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OpenCL And CUDA Are Go: GeForce GTX Titan, Tested In Pro Apps

OpenCL And CUDA Are Go: GeForce GTX Titan, Tested In Pro Apps
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We initially had trouble getting the GeForce GTX Titan to work with OpenCL and CUDA. Finally, though, there are drivers available that fix all of that. Now we can figure out if the Titan makes a good workstation-oriented alternative to Nvidia's Quadros.

We covered Nvidia's still-new GeForce GTX Titan in Nvidia GeForce GTX Titan 6 GB: GK110 On A Gaming Card and Benchmarking GeForce GTX Titan 6 GB: Fast, Quiet, Consistent. As a gaming product, we know it to be the fastest single-GPU board you can buy. But how does the vaunted Titan fare in professional applications? It wasn't possible to run a number of tests for the launch because Nvidia's drivers weren't working in most of the non-gaming titles we tried.

Nevertheless, you'd think that, given its GK110 GPU, first introduced on a couple of Nvidia's Tesla accelerator boards, the GeForce GTX Titan would be a shoo-in for a market that doesn't flinch at £1000 graphics cards. So, we're taking it, along with a number of other desktop-oriented graphics cards (like the Radeon HD 7970, Radeon HD 6970, GeForce GTX 680, and GeForce GTX 580) to see how the last two generations of flagship gaming products handle workstation-class software.

We're using a Titan card that Gigabyte sent over. It's based on Nvidia's reference design, though Gigabyte does throw in some extras to set its offering apart. There's a large mouse pad, a deck of playing cards, some cables, and obligatory adapters. 

The previous-gen processor in our test bed was swapped out in favor of an overclocked Core i7-3770K to help minimize platform bottlenecks. Getting to the point where we didn't see application performance change based on processor performance took a clock rate of 4.6 GHz, which just goes to show that older software is still CPU-limited. Optimizations for threading, CUDA, and OpenCL are playing a larger role in rendering tasks, but some workloads still aren't being parallelized.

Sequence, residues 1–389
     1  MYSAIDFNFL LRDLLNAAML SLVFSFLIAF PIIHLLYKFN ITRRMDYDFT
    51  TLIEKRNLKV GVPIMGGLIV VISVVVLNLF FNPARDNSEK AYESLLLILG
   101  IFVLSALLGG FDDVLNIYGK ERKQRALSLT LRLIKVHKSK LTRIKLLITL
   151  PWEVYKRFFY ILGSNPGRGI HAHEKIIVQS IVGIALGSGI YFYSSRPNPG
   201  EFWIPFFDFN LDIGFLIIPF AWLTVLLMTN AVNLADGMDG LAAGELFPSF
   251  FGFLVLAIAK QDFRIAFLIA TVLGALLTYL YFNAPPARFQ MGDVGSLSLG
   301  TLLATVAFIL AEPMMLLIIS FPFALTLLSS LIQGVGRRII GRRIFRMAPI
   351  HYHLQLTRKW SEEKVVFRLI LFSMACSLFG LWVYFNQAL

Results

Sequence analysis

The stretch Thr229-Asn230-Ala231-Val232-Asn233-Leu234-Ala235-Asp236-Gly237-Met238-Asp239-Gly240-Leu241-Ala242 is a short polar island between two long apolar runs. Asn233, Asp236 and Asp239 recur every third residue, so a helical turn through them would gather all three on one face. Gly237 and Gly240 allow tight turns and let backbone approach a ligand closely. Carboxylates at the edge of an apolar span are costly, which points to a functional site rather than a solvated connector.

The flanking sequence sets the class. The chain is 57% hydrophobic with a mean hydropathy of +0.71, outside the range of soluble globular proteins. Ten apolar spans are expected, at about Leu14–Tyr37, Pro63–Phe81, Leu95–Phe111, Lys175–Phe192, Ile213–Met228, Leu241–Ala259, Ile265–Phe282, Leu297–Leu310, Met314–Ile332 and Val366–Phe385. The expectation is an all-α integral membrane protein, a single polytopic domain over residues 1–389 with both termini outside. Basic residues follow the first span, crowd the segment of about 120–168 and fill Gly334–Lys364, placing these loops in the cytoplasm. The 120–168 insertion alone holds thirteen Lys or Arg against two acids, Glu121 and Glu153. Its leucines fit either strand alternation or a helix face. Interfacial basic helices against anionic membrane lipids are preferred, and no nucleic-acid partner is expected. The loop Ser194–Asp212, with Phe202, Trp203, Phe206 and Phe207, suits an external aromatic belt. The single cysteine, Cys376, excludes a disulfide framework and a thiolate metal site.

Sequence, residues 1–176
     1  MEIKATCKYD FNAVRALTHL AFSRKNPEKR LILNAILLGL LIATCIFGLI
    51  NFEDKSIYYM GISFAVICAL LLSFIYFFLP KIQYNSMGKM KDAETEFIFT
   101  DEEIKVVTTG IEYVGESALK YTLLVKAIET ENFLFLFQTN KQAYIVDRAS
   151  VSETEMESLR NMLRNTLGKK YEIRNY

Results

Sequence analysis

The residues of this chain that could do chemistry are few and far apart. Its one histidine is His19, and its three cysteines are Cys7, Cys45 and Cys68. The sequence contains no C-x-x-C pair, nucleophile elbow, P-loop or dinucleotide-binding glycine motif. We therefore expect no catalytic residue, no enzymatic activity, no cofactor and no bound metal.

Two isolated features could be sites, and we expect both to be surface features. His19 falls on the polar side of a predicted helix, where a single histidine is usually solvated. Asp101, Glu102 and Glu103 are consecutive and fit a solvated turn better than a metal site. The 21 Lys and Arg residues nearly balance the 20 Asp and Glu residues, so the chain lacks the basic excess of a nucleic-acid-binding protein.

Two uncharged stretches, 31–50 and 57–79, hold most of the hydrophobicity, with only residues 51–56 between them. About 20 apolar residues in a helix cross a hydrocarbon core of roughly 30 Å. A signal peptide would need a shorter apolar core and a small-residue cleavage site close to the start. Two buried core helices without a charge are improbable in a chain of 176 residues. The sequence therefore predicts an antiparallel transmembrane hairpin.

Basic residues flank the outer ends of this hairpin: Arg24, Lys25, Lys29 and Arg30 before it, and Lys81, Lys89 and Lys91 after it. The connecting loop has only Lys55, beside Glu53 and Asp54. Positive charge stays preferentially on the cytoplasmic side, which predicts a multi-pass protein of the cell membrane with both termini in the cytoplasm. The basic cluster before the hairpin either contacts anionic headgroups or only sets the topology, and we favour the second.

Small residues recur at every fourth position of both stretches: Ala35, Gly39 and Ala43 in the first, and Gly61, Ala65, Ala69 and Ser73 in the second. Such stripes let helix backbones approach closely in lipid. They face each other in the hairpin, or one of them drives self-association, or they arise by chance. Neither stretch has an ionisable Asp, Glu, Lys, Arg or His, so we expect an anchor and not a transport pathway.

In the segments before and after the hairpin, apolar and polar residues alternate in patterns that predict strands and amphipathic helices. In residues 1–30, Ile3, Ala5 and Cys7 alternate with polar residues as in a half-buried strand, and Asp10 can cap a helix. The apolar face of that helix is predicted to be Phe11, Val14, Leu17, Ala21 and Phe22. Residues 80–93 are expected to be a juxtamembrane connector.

Benchmark System
CPU
Intel Core i7-3770K (Ivy Bridge), 22 nm, 4C/8T, 8 MB Shared L3 Cache, Hyper-Threading Enabled, Overclocked to 4.6 GHz
RAM
32 GB Corsair Dominator Platinum @ 2,066 MT/s
Motherboard
Gigabyte G1.Sniper 3, Intel Z77 Express
SSD
2 x Corsair Neutron 480 GB
OS  
Windows 7 Ultimate x64 (Fully Patched)
Drivers
GeForce 314.22 WHQL
Catalyst 13.3 Beta 3


We already know what happens when the Tesla's GK110 GPU is tossed into a gaming environment. So, what happens when we put that same hardware to work in a professional sense?

Today's story also serves as a preview for a big workstation graphics card round-up we have coming up with all of the new Kepler-based Quadro cards. We're going to use the same benchmarks (and a lot more) to compare two generations of Nvidia and AMD offerings. Right now, we're still sorting out some driver issues that show why it's so important for these companies to seek out certifications for their premium products. You'll see us add the results from these gaming cards to that piece, too.

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  • 0 Hide
    Valentin_N , 17 April 2013 14:40
    Thanks for complex and detailed review!
  • 0 Hide
    HEXiT , 17 April 2013 15:29
    my 1 issue with this article is you say compared to workstation cards but you posted no numbers for any workstation card to see how the gaming grade systems compared. is this because the gaming grade cards murder the workstation cards in most things?
  • 0 Hide
    HEXiT , 17 April 2013 15:32
    for the most part great stuff, but i was a bit disappointed with it tbh.
    i was expecting some numbers from workstation cards to compare the gaming grade to. after all this is where workstation cards should excel so seeing them trounce a $1000 gaming card would have been interesting or was it the other way round for most everything?



    BTW i cant post this on the article itself every time i try i get an error, i had to come into the forum to post.
  • 0 Hide
    sicofante , 17 April 2013 19:45
    @HEXiT: If you read carefully the full article, it says in several occasions that an upcoming review of the Titan vs pro-grade cards is in the works.
  • 0 Hide
    maxcellerate , 19 April 2013 09:48
    I'm wouldn't expect Photoshop benchmarks to be great, but where are they???
  • 0 Hide
    klimax , 20 April 2013 13:47
    There's missing info in this article. It doesn't say in what mode Titan runs! It looks like default Single precision has been left in, but for compute applications Double precision mode should have been used. And that could cause quite big difference. (1/3 or 1/24 is large difference in DP)